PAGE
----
Black ’47

July 9, 2019

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...deals strongly in familiar genre tropes, Irish history, and blistering social comment.
47

Black ’47

Erin Free
Year: 2018
Rating: NA
Director: Lance Daly
Cast:

James Frecheville, Hugo Weaving, Stephen Rea, Jim Broadbent

Distributor: Revelation Perth International Film Festival
Released: July 4 - 17
Running Time: 100 minutes
Worth: $18.00

FilmInk rates movies out of $20 — the score indicates the amount we believe a ticket to the movie to be worth

…deals strongly in familiar genre tropes, Irish history, and blistering social comment.

Though birthed in America, the western genre has been a seasoned traveller over the years, galloping its way into territory as distant as Italy (courtesy of Sergio Leone, Sergio Corbucci and co), Denmark (Kristian Levring’s The Salvation), New Zealand (Geoff Murphy’s Utu certainly flirts with the genre) and Australia (The Proposition still stands as a great western to rival much US output). With the absolutely cracking Black ’47, the western has now made its way to Ireland, and the results are stunning, as the film deals strongly in familiar genre tropes, Irish history, and blistering social comment.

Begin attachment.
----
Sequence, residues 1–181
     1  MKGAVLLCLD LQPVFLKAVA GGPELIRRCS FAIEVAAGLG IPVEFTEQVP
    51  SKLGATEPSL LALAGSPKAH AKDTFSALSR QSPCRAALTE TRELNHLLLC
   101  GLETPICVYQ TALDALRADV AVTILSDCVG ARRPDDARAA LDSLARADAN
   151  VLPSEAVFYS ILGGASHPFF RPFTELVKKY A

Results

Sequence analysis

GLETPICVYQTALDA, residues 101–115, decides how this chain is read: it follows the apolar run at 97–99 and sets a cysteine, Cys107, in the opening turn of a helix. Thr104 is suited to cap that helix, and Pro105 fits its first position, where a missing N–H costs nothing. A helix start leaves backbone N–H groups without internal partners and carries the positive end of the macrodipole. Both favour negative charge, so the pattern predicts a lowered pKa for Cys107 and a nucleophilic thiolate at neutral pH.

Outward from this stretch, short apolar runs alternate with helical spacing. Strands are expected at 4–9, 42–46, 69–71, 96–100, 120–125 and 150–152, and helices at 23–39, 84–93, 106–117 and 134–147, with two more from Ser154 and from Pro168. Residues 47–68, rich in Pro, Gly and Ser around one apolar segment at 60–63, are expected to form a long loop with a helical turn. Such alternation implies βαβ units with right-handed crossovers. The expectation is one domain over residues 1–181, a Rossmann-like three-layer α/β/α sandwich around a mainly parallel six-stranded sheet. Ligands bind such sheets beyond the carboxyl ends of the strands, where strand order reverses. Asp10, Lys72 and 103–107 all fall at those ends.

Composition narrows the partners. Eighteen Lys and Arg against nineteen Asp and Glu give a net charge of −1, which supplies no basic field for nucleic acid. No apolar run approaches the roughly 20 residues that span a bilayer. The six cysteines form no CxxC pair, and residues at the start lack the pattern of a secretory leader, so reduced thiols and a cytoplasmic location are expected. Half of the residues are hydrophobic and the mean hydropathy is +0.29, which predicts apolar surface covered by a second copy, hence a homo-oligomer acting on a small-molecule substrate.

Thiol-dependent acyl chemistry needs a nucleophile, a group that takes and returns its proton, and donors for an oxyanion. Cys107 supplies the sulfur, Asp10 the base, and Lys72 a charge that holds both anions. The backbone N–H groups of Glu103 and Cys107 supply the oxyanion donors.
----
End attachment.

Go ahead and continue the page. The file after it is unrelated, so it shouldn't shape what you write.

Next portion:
When young Irish soldier Feeney (Australian actor, James Frecheville, best known for Animal Kingdom, gives an impressively intense and highly physical performance here) returns home from serving the crown in Afghanistan, he finds his home destroyed, with the nation in the violent grip of The Great Famine, which rained down starvation, death, disease and corruption between 1945 and 1949. With his family torn apart by unfeeling landlords and oppressive English forces, Feeney – an experienced fighter now equipped with exotically effective Afghan weapons – sets out for revenge. On his trail are his former military colleague, Hannah (the ever reliable Hugo Weaving is in fine form), and pompous English officer, Pope (Freddie Fox).

While on the surface functioning as a straight-ahead western actioner (Frecheville’s hard-charging killing machine Feeney is almost cut from the same cloth from which Rambo was constructed), Black ’47 really burns brightly in its fierce, uncompromising depiction of Ireland suffering under English rule. It’s exciting, entertaining, and utterly gripping, but Black ’47 is also a defiant, heartfelt piece of protest cinema.

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